When troubled teen Noah is presented with the option of summer camp or juvenile detention, he chooses to tread into the unfamiliar territory of camp sing-a-longs, food fights, water activities, paintball, obstacle courses, and bunk beds. At the camp, he is targeted by the camp’s owner, Falco (Christopher Lloyd), but befriended by a faith-driven camp leader, Jake (Corbin Bleu), and an optimistic camper named Oliver (Tyler Kowalski). There’s also a group of cool guys determined to get under Noah’s skin and make his time at the camp more uncomfortable than it already is.
In Noah’s possession is a video game device that he was forced to steal by two criminals. When the device goes missing, he suspects the faithful campers are not what they seem, but it was actually Falco, who forbade any and all electronics during a service, who confiscated it.
A good example of a Christian leader, Jake is determined to reach Noah and help guide him on his spiritual journey. He leads by example and uses words when necessary. He senses Noah’s inner turmoil and makes a special point of devoting time to helping him progress.
The two criminals, who go through a series of adventures reminiscent of the “wet bandits” from Home Alone, finally track the device to the camp and are determined to retrieve their prize and settle the score. They disguise themselves as pest control workers while trying to find the device’s precise location. But Noah and his new friends construct a funhouse hideout in the woods, complete with booby traps designed to stop the intruders. Even Falco gets in on the action as an unlikely ally.
Camp Hideout features many subtle and some not-so-subtle hints of faith, including prayer, encouragement, crosses, and purpose-filled sermons. It’s not quite as overly evangelistic as some other recent entries, such as A Week Away and Family Camp, and that may appeal more to some who want entertainment to be the focus. To that end, it seems to be designed to be a fun, humorous family film and it succeeds at that. There is some violence, but it’s played for laughs and non-explicit. An epic comic food fight and its aftermath will appeal to kids, in particular. It should be appropriate for ages 6 and up, and a good family night movie for all. Camp Hideout receives the Dove seal for All Ages.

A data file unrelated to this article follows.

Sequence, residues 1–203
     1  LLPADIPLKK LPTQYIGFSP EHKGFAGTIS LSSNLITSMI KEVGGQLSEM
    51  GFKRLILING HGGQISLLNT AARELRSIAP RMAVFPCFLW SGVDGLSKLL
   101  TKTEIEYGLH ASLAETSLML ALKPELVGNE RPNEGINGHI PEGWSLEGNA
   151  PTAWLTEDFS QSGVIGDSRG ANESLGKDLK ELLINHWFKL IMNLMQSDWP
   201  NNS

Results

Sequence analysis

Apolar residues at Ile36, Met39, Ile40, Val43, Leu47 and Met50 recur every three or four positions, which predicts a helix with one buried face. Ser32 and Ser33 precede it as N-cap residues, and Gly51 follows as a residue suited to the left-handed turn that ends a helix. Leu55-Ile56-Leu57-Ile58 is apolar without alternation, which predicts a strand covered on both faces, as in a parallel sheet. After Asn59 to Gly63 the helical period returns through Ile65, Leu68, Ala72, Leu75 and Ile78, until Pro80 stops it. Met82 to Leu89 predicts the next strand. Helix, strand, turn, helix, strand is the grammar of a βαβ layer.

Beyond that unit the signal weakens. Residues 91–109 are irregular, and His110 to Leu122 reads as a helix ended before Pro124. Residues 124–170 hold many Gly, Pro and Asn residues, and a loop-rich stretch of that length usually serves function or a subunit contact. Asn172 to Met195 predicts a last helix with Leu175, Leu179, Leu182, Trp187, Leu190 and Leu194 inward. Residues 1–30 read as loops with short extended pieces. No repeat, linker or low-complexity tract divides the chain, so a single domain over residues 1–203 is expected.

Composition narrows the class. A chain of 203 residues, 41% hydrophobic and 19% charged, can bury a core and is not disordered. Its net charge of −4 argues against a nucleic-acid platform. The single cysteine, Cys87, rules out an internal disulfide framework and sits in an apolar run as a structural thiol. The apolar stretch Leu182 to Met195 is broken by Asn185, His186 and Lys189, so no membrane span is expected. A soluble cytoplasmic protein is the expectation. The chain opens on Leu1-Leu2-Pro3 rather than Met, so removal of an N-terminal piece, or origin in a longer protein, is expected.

Think About It – Through all the action and hijinks, Noah frequently questions his path forward and whether or not a person can change and become a good person. His sense of worth seems dragged down by his past and his insecurity as a foster child. He is hesitant to fully embrace a place where people really seem to be sincere, and even sometimes when he does let his guard down, the group of cool guys show up to remind him he’s not just among friends.
There are plenty of discussion points in Camp Hideout for families, firstly reaching out to those who often don’t feel welcome in unfamiliar environments like school and church. How can we, like Jake, model the love of Christ and remain determined to help, even when being pushed away? One unlikely character says to Noah, “I believe everybody is reachable. I had to be reminded about that lately, but it’s true.”
There are also some themes of reciprocity in friendship. As Noah is accepted and welcomed into a new friendship group, he continues to hold secrets that put his friends in awkward situations. Their friendship recovers because they are determined to forgive, but Noah must learn to treat others as well as he has been treated himself. He also has to learn not to run away from his problems but to face them head on by himself or with his new support system.
Also, considering the transformation Noah experiences, does that concept hold true in real life? Can a person forget his or her past and become a new creation, as the Bible says in 2 Corinthians 5:17. It could be the love of Christ that reaches them or even just being there and standing in the gap for a friend, as the kids in the film do when the time comes to defend Noah against the thieves. “We’ve got your back,” one says to him. Even the cool guys eventually come around.
Dove Take – Camp Hideout is a well-made family film with some strong messages of friendship, faith, purpose, and even transformation. There are many great performances, but the icing on the cake is the presence of comedy and family film legend Christopher Lloyd, who at first seems to give a whimsical caricature-based performance that morphs into a more tender and warm leadership role.